When did the modern struggle for queer liberation begin — was it with the AIDS crisis in the 1980s? Stonewall in the 1960s? How about 150 years ago, in August of 1867 when Karl Heinrich Ulrichs became the first openly gay man to speak out publicly for equality.
Karl Ulrich’s Early Life
Ulrichs was a fascinating man who challenged gender even from an early age. As a boy, he longed to be a girl, and surrounded himself with the trappings of femininity from clothing to friends. Though his first same-sex romance occurred when he was just fourteen, it wasn’t until his late thirties that he announced his queerness to family and friends.
Though that may seem late in life by today’s standards, in 1862 it was simply unheard of for anyone to confess was what considered a ruinous affliction.
Gay Men Were Once Called “Uranians”
Back then, there were no terms for queer culture, and Ulrichs used the term “Urning” to describe himself — derived from a figure in Greek mythology who was created from Uranus’ testicles. Though Ulrichs was the first to have written about the term, it was eventually widely used throughout Europe, adapted to “Uranian” in English. “To have altered my life would have been to have admitted that Uranian love is ignoble. I hold it to be noble — more noble than other forms,” wrote Oscar Wilde.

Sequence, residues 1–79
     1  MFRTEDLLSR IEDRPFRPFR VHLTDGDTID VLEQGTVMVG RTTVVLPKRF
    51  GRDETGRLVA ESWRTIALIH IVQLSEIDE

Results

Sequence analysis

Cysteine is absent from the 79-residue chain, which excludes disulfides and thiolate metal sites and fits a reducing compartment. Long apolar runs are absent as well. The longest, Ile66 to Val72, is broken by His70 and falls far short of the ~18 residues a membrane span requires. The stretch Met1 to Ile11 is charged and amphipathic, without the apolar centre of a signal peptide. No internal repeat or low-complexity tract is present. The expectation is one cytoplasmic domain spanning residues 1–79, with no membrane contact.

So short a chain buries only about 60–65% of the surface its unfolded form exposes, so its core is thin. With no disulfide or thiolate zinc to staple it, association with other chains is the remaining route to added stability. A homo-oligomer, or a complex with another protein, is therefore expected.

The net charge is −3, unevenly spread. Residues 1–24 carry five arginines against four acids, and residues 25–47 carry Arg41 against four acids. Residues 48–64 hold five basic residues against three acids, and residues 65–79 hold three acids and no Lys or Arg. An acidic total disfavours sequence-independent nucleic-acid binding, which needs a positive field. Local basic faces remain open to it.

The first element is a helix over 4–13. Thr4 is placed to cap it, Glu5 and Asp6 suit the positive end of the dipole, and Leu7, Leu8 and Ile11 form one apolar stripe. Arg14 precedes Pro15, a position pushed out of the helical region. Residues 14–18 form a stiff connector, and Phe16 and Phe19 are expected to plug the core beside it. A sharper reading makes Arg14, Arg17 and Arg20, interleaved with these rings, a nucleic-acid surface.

Ulrichs sacrificed his career with his openness. He wrote candidly about being attracted to men, and as a legal expert he argued forcefully for reform of laws persecuting queer people.
Early Public Outings
A milestone came on August 29, 1867, when he spoke out against the criminalization of homosexuality at a meeting of jurists. It was the day after his 42nd birthday, and he was attacked for his stance, but it began a conversation that began scientific investigations into sexuality — a field previously left mostly unexplored.
In his writing, Ulrichs advanced arguments very similar to those made by civil rights activists 100 years later. He wrote that Urnings have inalienable rights, that their love is natural, and that laws discriminating against them are arbitrary and pointless. He wrote movingly that no government is powerful enough to eliminate queer love.
Ulrichs’ Legacy Today
For his trouble, Ulrichs found himself continuously persecuted wherever he went. He would publish a treatise on homosexuality, only to see his work confiscated and banned. Eventually, he left Germany for Italy, where he was honored by academic institutions.
“I am proud,” he wrote, shortly before his death, “that I found the courage to deal the initial blow to the hydra of public contempt.”
Today, he is little remembered by mainstream queer society. There’s an annual procession to his grave in L’Aquila every year in August, marking both his birthday and the anniversary of his address to the jurists.
It took many more years to decriminalize homosexuality in Germany — it wasn’t until 1994 that the prohibition was lifted, as German society maintained an aggressive worship of male heterosexuality even after the defeat of the Nazis. It was Soviet-controlled East Germany that first officially ended criminalization, a move that later spread to West Germany with reconciliation. It was only this Friday that Germany legalized gay marriage. Likewise, Germany only this year pardoned citizens convicted of homosexuality.
It took over 100 years, but Karl Ulrich’s campaign for tolerance was finally victorious — in large part thanks to the seeds of Pride that he planted in the 1800s.
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